StrathE2EPolar 2010s and 2040s sensitivity to fishing mortality. Solid lines 2010s, dashed lines 2040s. Units for catch are mMN m−2 year−1. Units for biomass are mMN m−2. X-axis of each panel shows multiples of the 2010s fishing mortality rate for either plantivorous or demersal fish. Hence the vertical grey line at x = 1 indicates the rate effective in the 2010s. Left column shows the effects of varying planktivorous fishing mortality whilst keeping demersal fishing constant. Vice-versa for the right column—varying demersal fishing whilst keeping planktivorous constant

Table 2 Fisheries metrics for planktivorous and demersal fish in the 2010s and 2040s extracted from the results of Experiment 3 using the StrathE2EPolar model (Fig. 6), and comparable measures from national catch statistics, ICES stock assessments and the Barents Sea Ecosystem Surveys. Upper half of the table shows catch and fishing mortality (F) data, lower half shows biomass (B) data. Catch and biomass conversions between model millimolar nitrogen units (mMN m−2 year−1 and mMN m−2) and thousands of tonnes live weight, assuming nitrogen contents of 2.038 and 1.340 mMN g WW−1 for planktivorous and demersal fish respectively, and a surface area for the Barents Sea model domain of 1.60898 × 106 km2. National statistics on catch data for the 2010s were assembled from the Norwegian Directorate of Fisheries, EU STECF, and the ICES/FAO landings data for areas 27.1 and 27.2.b (see text for details). Data on F2010s/FMSY for cod, haddock and saithe in the 2010s were digitised from the 2020 ICES Arctic Fisheries Working Group Report (ICES 2020, p. 27) and scaled to the whole demersal fish guild using trawl survey species composition data from the annual Norwegian/Russian Barents Sea Ecosystem Survey (BSES; Protozorkevich et al. 2020). Data on Bat F2010s/BMSY for planktivorous fish (capelin and beaked redfish) and demersal fish (cod and haddock) were digitised from ICES (2019; Fig. 10)

Modelled demersal fish biomass was only weakly (positively) sensitive to planktivorous fishing in the 2010s, though the diet composition became more benthivorous as planktivorous fish were depleted by harvesting. The positive sensitivity was partly because planktivorous fish were predators on demersal fish larvae, and partly an indirect effect through predation on carnivorous zooplankton (which were a component of the diet of demersal fish). In contrast, the biomasses of all the higher trophic level guilds (birds, pinnipeds, cetaceans and maritime mammals) were directly related to planktivorous fish biomass (inversely related to planktivorous fishing mortality). In the case of birds, pinnipeds and cetaceans, examination of the fluxes between guilds showed that this was due to a direct diet dependency on planktivorous fish. In the case of maritime mammals, it was due to an indirect effect through dependence on pinnipeds.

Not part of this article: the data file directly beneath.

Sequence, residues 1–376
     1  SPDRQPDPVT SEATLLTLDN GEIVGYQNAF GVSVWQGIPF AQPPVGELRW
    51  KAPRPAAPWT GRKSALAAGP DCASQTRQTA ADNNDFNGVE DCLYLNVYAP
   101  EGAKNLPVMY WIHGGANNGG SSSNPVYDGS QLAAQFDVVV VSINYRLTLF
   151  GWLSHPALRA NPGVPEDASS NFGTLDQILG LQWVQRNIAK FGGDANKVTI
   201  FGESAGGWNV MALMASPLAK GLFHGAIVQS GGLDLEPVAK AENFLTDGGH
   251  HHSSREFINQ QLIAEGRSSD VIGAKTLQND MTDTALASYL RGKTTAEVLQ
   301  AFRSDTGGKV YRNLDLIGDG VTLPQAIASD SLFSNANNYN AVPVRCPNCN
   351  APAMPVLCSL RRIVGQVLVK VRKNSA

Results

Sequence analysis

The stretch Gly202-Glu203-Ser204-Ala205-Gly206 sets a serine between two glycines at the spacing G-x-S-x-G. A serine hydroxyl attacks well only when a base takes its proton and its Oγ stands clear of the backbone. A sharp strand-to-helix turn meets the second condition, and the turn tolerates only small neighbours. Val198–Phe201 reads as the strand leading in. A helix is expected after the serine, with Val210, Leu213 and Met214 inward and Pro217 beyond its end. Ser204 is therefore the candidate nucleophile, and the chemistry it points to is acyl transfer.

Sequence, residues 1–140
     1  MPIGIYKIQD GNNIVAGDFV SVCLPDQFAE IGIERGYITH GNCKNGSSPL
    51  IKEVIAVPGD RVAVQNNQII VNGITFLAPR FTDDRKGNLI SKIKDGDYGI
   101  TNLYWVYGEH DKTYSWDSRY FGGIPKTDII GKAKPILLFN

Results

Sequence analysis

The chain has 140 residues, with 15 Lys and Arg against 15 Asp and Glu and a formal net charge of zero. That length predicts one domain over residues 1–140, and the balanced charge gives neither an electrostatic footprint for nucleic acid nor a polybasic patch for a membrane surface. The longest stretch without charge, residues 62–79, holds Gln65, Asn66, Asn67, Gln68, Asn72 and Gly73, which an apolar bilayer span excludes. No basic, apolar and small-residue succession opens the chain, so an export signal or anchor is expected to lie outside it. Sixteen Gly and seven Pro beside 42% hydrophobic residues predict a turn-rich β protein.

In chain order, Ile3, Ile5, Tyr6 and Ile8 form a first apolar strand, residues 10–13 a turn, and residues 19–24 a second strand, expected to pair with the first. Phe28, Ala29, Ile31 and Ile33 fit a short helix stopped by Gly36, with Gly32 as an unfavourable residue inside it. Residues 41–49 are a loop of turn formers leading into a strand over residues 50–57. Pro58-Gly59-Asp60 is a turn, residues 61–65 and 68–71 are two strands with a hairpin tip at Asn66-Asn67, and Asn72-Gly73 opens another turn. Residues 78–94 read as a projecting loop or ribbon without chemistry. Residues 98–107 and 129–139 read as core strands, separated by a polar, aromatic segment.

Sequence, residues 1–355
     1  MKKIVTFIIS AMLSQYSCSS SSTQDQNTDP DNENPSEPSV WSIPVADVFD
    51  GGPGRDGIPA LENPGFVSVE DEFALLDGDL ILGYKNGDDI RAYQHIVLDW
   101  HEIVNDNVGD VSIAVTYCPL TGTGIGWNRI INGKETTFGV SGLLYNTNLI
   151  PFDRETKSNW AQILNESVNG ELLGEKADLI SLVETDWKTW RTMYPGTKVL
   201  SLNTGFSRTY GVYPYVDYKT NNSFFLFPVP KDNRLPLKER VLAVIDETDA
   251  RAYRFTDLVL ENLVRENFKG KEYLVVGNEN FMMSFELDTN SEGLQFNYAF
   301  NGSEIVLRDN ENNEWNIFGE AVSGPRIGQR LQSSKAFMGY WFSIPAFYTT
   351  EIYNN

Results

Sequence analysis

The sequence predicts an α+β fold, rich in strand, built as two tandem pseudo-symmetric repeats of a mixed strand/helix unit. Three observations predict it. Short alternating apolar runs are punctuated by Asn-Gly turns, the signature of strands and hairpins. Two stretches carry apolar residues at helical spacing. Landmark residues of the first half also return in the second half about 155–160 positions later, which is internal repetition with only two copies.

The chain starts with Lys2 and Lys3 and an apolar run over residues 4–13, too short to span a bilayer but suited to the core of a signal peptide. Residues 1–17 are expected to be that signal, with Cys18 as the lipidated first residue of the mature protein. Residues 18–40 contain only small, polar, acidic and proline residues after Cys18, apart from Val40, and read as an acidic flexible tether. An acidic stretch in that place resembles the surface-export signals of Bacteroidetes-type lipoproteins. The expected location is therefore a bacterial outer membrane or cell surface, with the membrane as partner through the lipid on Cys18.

The 2040s simulations showed that with the exception of pinnipeds and maritime mammals the simulated effects of warming and ice loss on guild biomasses were substantially smaller than the effects of fishing, especially that on planktivorous fish (Fig. 6). MSY for demersal fish was projected to increase to 112% of the 2010s value (with a corresponding increase in FMSY), whilst planktivorous fish MSY was projected to decrease to 65% of the 2010s value. (Fig. 6, Table 2). These results were in keeping with those from Experiment 2, and show that the productivity of the demersal fish guild is projected to increases by the 2040s, whilst that of the planktivorous fish is projected to decrease.

Discussion

Model strengths, assumptions and uncertainties

StrathE2EPolar was conceived as an educational, rapid exploratory, whole-ecosystem-scale tool which can reveal the macroscopic responses to be expected from environmental changes or interventions such as fishing or nutrient emissions. Critically, the model is fast running (< 2 s per simulation year) enabling the hundreds of thousands of annual iterations required for formal parameter optimization, global parameter sensitivity analysis, and computation of credible intervals of model outputs without relying on high performance computing facilities. ECOSMO-Polar is also a versatile, modular code which can be deployed either in high resolution 1-D vertical mode for rapid simulation (as in this study), or in a full 3-D configuration. ECOSMO-Polar and StrathE2EPolar share a common formulation of sympagic biogeochemistry and its coupling to the pelagic system (Benkort et al. 2020). StrathE2Polar includes novel representations of a range of additional sea-ice processes which are absent in other food web models, including ice-dependent migration and feeding efficiency of the high trophic level guilds (birds, pinnipeds, cetaceans and maritime mammals). These features are fundamental to modelling the ecology of the changing Arctic.